This article is courtesy of Karla Kahawaiola’a Sibayan.
Patrick Le‘o Kahawaiola‘a, is a native Hawaiian, 73, born and raised on the ‘āina ho‘opulapula ma KEAUKAHA. He attended St. Joseph’s School in Hilo and served with honor in the U.S. Navy during the Vietnam conflict.
After leaving the Navy, he decided to stay in California and was hired as a letter carrier with the U.S. Post Office. That year, he also met and married his wife of 49 years, Raynette Kaanapu of Papakōlea, who passed in 2015. They had two daughters and a son while in California. He transferred back to Hawai‘i in 1980 after the passing of his dad, who had been living in Keaukaha since 1934. He retired from the USPS after 32 years of service.
The Hawaiian Renaissance was in full swing. The Office of Hawaiian Affairs (OHA) was in its infancy and the DHHL was under siege for the misuses of trust lands by executive orders by state and county governments. The Hilo Airport expansion displaced half the community of Keaukaha. Agricultural lands were taken for the Hilo Flood Control and Hilo Sewage Plant. The wait list for Hawaiian Home Lands was getting longer and corporations were now coming into Hawai‘i and building shopping centers while native Hawaiians were still waiting and dying on the wait list.
He was involved in the creation of Ka Lāhui Hawai‘i and gave testimony on the congressional hearings on the Akaka Bill. He participated in civil disobedience at Puhi Bay, the building of Wal-Mart and the Prince Kūhiō Plaza. He fought water issues, tax issues and land exchanges by DHHL.
As a proud product of the Homestead in 1985, being mentored by Kupuna Genesis Lee Loy, Sonny Kaniho, Kwai Wah Lee and others, he became actively involved in the Keaukaha Community Association (KCA). He first served as a board member, then in other capacities and since 1999 has served as the President of KCA, which works to better the conditions of native Hawaiians as defined. This is his fifth three-year term.
Not one to duck any controversial issue, he educated himself and researched the State Constitution in regards to the Admissions Act, the Hawaiian Homes Commission Act (HHCA) of 1920 and legislation dealing with amendments to the HHCA by the State Legislature. Along with other like-minded beneficiaries, he created a non-profit arm of the Keaukaha Community Association. This allowed KCA to develop partnerships with stakeholders and work as part of the grassroots effort to rebuild the Kawananakoa Gym with OHA, to improve reading and math for students at Keaukaha Elementary School, to build a new cafeteria for the students, to create the Keaukaha Technology and Resource Center (computer lab), and to become fiscal sponsors for Keaukaha sports: football, baseball, volleyball, and the Wa‘a Program at Palekai Kūhiō Bay.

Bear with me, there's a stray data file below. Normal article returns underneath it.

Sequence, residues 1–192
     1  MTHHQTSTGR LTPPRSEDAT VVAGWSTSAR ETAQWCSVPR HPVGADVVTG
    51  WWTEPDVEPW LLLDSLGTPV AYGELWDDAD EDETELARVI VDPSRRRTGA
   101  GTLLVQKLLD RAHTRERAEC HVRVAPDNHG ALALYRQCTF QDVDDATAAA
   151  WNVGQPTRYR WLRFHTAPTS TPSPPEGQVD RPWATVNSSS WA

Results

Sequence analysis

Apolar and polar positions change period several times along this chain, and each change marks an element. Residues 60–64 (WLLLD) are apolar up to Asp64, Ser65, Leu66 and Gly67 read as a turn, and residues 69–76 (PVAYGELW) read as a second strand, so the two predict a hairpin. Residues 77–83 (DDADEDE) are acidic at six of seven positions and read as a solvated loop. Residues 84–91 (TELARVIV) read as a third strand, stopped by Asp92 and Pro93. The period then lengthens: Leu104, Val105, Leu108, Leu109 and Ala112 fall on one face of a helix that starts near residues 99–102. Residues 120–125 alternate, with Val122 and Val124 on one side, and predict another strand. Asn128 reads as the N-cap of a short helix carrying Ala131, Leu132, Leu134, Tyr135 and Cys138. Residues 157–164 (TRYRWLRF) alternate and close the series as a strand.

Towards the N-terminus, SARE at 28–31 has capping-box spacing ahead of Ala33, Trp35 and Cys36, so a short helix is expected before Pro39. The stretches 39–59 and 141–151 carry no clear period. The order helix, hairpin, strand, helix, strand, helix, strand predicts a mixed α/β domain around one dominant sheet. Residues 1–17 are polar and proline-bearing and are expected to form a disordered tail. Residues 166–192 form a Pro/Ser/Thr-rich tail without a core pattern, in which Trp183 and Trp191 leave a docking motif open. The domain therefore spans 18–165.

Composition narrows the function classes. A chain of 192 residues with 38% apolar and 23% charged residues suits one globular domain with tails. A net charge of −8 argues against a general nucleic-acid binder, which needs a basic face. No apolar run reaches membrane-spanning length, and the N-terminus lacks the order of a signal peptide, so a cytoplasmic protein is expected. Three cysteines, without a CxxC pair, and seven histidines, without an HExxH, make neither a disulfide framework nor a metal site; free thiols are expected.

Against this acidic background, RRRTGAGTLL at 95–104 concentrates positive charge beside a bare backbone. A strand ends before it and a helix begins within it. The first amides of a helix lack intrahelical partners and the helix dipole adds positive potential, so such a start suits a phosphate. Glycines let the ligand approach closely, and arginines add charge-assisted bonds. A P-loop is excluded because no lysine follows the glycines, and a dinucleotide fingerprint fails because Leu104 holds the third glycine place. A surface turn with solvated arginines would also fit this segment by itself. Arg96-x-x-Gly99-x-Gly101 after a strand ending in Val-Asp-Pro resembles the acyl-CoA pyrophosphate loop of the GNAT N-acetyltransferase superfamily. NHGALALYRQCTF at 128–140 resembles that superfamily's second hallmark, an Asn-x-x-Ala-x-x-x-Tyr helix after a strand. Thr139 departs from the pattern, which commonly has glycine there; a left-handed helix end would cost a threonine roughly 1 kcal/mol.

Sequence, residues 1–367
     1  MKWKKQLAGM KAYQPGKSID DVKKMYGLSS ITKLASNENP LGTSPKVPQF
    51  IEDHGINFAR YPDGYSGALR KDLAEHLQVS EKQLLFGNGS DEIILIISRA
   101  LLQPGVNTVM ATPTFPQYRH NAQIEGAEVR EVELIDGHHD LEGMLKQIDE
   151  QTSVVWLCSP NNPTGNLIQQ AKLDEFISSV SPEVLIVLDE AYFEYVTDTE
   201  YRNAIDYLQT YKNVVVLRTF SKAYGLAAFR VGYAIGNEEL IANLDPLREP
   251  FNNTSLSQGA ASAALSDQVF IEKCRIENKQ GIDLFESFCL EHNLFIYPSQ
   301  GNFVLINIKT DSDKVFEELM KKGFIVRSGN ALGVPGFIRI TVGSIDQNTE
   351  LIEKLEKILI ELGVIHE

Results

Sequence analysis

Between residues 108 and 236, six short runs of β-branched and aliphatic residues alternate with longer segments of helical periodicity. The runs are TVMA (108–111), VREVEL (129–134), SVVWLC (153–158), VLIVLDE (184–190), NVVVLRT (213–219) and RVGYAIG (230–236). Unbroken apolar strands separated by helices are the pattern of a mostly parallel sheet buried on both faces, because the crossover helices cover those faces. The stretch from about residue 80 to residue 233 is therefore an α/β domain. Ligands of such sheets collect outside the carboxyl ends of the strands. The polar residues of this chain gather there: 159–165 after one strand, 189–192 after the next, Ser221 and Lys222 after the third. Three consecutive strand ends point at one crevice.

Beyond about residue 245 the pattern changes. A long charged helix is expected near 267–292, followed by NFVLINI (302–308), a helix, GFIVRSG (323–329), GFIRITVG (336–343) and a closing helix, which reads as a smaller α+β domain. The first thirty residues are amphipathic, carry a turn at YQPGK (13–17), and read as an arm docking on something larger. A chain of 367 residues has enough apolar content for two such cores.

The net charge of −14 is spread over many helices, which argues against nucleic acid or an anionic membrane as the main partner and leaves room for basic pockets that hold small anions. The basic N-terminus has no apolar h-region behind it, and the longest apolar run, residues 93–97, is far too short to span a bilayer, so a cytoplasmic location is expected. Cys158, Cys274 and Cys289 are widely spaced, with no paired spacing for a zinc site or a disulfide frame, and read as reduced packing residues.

He served on Hawai‘i County’s Redistricting Commission, Geothermal Commission, and the Charter Commission. He served on the local school board of Ke Ana La‘ahana PCS, the Local SCC of Keaukaha School and as a board member of PUEO, who strongly believes that fair compensation and “a seat at the table” is due for the use of our trust and ceded lands including Mauna Kea, with or without the Thirty Meter Telescope. Astronomy, having been on Mauna Kea over 40 years, owes at least that much to the native Hawaiian people.
He believes the future of the beneficiaries of Prince Jonah Kūhiō’s legacy is to become involved and to ASSERT THEIR RIGHTS AND IF NEED BE…E Kū‘Ē. He is NOT here to convince anyone to think like him. Just THINK…AND DO WHAT IS RIGHT. E hana pono mai. Keaukaha Smiles on you.